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Updated by Mark Gibbons on Mar 02, 2016
Headline for Top Security Tips for When You’re Living Alone
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Mark Gibbons Mark Gibbons
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Top Security Tips for When You’re Living Alone

In our busy lifestyles where moving around for careers, study or new opportunities is the norm, an increasing number of people are living alone. Though it can offer the benefits of freedom and independence, it can be scary at times and leave some feeling on edge about the threats of a break in. Single living may indeed make home security more of an issue, however there’s no need to fear if you’re on your own - here are some tips to ensure extra security and personal safety:

1

Keep everyone up to date

Keep everyone up to date

It’s a good idea to let close family or trusted friends know of your normal routine and whether you’ll be deviating from this. Though you don’t have to give all the details, keeping someone informed may help you if you become injured or detained at home and they’ll be able to check in on you. Getting to know your neighbours is a sure way to improve your safety and home security, as they may be able to spot any suspicious activity and alert you or the police.

2

Single? Don’t shout about it

Single? Don’t shout about it

Avoid letting people know that you’re living alone, whether to an acquaintance or through social media. Thieves may be on the lookout for single homeowners and you could become a target without you even suspecting anything. If you are in an apartment setting or in a communal area, we’d recommend removing any sign that displays that you’re living alone. This could be not leaving your name outside your door or where you receive mail; instead it’s best to use your last name followed by ‘residence’.

3

Get a dog

Get a dog

Although it could be difficult to manage as a single owner, getting a dog can deter potential burglars and they can guard your home when you’re at work or out. You don’t have to get an aggressive dog, just one that will bark if strangers approach your property. Your dog will not only be a companion, it’s an alarm that can’t easily be turned off. If you can commit to having a pet dog and have the living space to take care of one, you may feel more secure as a defence against a break in.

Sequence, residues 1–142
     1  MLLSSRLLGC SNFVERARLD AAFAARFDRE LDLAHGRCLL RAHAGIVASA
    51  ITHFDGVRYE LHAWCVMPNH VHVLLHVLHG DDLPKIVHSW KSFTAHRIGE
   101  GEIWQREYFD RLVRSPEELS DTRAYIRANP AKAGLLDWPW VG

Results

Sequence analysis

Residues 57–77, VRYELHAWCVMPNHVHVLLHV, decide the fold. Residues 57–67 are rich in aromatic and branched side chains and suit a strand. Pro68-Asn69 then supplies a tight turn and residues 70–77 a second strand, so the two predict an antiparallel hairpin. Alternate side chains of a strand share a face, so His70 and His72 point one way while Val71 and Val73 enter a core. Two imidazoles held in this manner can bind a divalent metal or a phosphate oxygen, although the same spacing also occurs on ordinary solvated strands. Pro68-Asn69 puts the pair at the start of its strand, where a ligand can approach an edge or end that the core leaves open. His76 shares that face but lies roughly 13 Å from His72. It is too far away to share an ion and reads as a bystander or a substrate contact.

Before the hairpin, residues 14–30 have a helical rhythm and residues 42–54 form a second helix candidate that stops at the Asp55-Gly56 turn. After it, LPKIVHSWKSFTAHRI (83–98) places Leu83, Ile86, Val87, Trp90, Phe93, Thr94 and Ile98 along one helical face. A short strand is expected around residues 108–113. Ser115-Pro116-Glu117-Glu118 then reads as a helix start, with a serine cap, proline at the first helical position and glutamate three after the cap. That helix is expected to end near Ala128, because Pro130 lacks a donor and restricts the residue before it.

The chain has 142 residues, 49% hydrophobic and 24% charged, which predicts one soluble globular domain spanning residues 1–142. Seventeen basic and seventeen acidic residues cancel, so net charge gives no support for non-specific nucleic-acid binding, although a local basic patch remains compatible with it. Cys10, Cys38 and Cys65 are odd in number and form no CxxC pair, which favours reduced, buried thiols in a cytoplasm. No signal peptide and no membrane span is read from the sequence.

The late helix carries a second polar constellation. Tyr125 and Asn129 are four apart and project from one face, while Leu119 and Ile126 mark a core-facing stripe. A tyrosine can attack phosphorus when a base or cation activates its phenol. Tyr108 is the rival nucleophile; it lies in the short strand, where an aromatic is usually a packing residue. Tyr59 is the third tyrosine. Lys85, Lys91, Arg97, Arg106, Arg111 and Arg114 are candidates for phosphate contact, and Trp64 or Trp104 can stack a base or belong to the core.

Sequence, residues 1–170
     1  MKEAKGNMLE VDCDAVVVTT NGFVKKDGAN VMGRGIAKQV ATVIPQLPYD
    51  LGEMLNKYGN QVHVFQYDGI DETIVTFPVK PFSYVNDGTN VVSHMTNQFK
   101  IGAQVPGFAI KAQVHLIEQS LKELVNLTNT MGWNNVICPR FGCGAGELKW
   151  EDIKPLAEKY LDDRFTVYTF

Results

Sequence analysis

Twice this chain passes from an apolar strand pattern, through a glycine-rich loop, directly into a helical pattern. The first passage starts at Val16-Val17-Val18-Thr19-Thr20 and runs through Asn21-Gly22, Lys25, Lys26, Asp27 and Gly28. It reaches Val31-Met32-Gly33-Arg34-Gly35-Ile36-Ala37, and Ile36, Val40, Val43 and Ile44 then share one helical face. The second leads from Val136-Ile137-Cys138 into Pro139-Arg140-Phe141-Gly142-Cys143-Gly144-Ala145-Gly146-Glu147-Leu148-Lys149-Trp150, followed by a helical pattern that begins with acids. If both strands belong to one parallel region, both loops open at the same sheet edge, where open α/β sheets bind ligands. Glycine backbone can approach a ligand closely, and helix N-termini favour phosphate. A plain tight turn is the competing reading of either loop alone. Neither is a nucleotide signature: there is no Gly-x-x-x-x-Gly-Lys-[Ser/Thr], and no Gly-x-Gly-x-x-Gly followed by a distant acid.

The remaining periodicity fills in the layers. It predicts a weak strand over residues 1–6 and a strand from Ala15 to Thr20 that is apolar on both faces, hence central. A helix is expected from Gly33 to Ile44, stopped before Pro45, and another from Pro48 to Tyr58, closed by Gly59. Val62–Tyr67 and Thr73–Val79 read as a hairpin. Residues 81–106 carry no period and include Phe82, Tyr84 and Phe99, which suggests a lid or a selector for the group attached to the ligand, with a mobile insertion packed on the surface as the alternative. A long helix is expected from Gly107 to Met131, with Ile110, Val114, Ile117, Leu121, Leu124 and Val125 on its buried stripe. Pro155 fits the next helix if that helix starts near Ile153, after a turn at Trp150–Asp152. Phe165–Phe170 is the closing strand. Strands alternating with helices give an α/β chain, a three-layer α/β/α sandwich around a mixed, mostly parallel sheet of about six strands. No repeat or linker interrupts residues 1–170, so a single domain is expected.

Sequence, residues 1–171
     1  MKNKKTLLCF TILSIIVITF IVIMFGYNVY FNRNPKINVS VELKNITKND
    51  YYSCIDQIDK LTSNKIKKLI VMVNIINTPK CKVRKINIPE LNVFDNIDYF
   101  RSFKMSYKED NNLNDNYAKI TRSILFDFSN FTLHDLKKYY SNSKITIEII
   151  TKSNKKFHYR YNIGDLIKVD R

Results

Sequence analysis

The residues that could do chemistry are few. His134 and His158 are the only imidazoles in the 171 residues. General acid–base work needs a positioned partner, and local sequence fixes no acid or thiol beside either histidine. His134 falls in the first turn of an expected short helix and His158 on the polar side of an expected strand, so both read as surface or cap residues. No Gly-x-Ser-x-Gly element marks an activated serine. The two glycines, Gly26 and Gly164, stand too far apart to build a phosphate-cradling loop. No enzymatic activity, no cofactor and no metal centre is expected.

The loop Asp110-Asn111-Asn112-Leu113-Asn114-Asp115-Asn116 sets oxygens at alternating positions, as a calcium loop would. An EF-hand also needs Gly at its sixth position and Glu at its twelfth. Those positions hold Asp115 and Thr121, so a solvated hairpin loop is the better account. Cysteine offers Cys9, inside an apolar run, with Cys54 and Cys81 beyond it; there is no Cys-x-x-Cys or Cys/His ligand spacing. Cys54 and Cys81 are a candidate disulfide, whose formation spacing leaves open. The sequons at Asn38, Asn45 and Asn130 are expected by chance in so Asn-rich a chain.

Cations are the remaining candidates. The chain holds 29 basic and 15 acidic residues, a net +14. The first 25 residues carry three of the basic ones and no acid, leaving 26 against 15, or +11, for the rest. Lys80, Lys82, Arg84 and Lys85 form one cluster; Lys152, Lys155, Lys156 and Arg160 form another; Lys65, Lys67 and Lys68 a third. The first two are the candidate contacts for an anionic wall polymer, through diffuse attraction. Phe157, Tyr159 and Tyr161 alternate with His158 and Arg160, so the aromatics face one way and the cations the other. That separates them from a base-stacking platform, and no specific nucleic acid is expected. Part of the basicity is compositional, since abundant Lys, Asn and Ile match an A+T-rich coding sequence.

4

Can you get a house sitter?

Can you get a house sitter?

If you have a friend who can spend a couple of hours or so in your home when you’re out or away, you’ll be decreasing the opportunities thieves have of entering. Burglars will be deterred by someone occupying a property, as they’ll more likely be caught and may not want to risk any confrontation.

5

Upgrade your locks and doors

Upgrade your locks and doors

If you’re in a rented property, check with your landlord to see if you can get your locks upgraded. A secure lock will not be easily picked or broken by a burglar and is a good line of defence if you’ll be in on your own. A security door, or composite door, will also provide additional protection should anyone try to force and enter.

6

Keep your windows and curtains closed

Keep your windows and curtains closed

You should keep windows locked as much as possible to ensure no one can gain quick access to any of your rooms. Keeping your curtains open at night with the lights on may also invite people to look inside your property and try their luck if they notice that you’re absent. Make sure that you keep your curtains closed when you’re out or at night.

7

Keep your property locked!

Keep your property locked!

Get into the habit of locking your door as soon as you get home, as well as when you’re popping out. You could even create your very own panic room with a secure bolt lock, which you can go to should anyone break in. You could always keep a spare mobile and charger in there, so that you can alert the authorities if anything should happen.